I was outside the pier to the west about 30 feet deep when I spotted an Aeolidia papillosa nudibranch. They are one of our rare species, only two or three sightings a year, but they are easy to see because they are usually quite large and their white color jumps out at you. I maneuvered around in front of him/her (they are both) and moved in for a front shot. Something didn't look right, there were some eyes looking at me just to the left of the nudibranch. Looking closer, I was amazed to see that this large nudibranch was actually crawling on the back of a sand-dab, a common but very skittish little flatfish. Even in this image you don't see the fish right away because he blends so well with the bottom background. It is not unusual for us to see two species very close to each other (Gary and I even have a name for it, "Relationships"), but for me this was a first. The fish didn't mind the nudibranch crawling on its back, but it hated my strobes. I got this one shot and when the strobes fired the sand-dab took off like an explosion!! The papillosa was launched up about six inches and did a few loops, then settled back down and continued its crawl.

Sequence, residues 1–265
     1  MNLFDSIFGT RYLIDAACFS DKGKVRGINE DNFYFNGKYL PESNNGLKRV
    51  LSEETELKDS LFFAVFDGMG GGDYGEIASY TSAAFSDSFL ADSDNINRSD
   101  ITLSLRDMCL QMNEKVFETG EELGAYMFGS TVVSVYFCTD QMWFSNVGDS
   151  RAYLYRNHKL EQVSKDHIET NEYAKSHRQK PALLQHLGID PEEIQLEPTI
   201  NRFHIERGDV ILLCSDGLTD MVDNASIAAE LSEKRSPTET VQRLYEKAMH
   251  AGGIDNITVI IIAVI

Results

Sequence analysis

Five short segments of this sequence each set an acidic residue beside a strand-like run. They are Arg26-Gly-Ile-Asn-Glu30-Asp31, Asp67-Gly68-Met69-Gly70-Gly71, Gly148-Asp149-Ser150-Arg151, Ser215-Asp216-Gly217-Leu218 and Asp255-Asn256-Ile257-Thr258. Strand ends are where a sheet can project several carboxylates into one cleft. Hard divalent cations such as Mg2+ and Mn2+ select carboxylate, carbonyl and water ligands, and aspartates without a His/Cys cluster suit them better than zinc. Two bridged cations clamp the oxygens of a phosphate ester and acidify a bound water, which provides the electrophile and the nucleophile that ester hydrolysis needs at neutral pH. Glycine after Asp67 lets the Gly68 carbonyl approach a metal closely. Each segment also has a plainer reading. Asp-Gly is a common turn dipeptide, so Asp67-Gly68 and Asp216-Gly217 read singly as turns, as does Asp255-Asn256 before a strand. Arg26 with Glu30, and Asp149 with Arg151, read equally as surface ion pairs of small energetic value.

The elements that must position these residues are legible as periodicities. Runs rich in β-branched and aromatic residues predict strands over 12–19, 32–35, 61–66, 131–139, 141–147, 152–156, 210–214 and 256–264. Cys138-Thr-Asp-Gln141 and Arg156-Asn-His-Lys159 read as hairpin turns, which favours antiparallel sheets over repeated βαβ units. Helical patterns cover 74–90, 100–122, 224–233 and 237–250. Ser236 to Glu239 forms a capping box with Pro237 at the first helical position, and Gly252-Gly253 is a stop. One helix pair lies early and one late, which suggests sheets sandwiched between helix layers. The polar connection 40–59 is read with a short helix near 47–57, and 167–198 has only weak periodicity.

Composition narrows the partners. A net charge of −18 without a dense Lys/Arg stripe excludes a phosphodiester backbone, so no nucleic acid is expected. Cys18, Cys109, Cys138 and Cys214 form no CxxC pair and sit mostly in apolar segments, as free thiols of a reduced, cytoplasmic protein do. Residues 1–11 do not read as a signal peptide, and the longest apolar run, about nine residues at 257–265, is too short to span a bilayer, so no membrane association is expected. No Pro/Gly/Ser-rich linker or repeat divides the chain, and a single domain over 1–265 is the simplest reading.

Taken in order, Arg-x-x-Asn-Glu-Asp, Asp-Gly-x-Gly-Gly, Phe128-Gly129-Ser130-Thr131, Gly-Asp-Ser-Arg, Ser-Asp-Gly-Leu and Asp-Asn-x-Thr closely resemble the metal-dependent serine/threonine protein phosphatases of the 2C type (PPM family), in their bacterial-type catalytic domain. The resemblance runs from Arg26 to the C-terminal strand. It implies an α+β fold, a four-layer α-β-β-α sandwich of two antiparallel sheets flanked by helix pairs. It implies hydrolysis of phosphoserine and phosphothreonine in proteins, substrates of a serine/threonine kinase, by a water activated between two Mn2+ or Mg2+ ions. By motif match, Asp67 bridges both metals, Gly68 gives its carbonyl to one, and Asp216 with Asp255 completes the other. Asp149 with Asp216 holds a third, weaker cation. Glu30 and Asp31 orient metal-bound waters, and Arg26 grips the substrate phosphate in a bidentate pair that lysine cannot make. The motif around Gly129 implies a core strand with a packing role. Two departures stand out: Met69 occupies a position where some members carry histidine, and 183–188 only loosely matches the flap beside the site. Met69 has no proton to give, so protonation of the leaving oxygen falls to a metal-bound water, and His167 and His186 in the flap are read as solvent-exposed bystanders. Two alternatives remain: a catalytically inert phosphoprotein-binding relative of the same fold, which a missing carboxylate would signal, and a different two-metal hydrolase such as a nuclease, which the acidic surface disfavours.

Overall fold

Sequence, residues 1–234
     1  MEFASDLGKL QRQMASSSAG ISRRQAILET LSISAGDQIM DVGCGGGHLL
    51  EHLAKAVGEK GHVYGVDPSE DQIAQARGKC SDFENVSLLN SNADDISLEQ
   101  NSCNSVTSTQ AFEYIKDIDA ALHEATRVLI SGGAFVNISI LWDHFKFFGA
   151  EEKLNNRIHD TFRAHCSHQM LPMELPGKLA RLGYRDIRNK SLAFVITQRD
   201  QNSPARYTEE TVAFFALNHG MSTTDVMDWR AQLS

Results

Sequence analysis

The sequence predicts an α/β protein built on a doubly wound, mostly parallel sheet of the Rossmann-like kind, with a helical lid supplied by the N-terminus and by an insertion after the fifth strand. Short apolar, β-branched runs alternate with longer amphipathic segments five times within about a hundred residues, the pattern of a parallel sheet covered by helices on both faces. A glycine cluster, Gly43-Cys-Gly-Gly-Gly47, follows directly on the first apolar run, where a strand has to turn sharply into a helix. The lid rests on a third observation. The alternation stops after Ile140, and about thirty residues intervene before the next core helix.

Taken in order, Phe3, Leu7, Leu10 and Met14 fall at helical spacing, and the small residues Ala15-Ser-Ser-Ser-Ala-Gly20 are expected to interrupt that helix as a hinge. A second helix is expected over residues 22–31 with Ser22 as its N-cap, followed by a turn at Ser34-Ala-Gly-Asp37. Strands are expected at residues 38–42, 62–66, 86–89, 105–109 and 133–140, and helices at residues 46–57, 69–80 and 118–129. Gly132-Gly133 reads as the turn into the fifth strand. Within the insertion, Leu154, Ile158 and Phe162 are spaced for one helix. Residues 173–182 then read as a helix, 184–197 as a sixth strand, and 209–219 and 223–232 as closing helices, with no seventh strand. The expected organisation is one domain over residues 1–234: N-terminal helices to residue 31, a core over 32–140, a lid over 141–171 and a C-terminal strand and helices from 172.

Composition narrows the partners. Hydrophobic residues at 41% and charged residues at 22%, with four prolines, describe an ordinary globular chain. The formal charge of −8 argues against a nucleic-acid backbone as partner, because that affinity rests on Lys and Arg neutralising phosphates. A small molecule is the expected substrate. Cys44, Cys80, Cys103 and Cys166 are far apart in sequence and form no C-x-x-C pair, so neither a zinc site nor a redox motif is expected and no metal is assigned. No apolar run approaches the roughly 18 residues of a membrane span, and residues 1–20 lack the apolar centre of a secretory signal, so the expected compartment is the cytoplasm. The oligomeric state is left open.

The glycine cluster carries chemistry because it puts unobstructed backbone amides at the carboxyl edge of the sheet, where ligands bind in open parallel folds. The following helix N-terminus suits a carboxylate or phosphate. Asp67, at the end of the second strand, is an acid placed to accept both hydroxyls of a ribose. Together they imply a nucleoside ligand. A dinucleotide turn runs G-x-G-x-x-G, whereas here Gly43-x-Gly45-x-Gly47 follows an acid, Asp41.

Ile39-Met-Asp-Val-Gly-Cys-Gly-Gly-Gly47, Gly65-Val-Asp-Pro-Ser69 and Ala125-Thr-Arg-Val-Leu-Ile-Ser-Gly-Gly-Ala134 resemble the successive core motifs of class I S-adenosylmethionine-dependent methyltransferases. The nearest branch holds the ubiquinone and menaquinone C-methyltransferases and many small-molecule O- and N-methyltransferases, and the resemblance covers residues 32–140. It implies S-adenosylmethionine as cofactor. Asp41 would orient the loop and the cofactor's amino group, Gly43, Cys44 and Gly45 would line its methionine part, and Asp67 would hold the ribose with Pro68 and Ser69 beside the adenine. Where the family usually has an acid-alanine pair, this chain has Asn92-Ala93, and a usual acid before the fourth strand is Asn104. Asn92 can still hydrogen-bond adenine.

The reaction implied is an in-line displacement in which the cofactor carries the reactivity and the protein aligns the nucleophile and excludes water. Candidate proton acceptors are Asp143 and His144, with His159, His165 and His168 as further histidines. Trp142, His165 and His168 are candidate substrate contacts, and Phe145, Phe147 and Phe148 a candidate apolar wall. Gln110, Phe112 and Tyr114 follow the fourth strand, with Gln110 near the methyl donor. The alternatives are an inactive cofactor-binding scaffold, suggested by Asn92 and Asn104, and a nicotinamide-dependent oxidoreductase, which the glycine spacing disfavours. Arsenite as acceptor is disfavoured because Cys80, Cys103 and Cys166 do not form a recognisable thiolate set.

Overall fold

Ken Bondy

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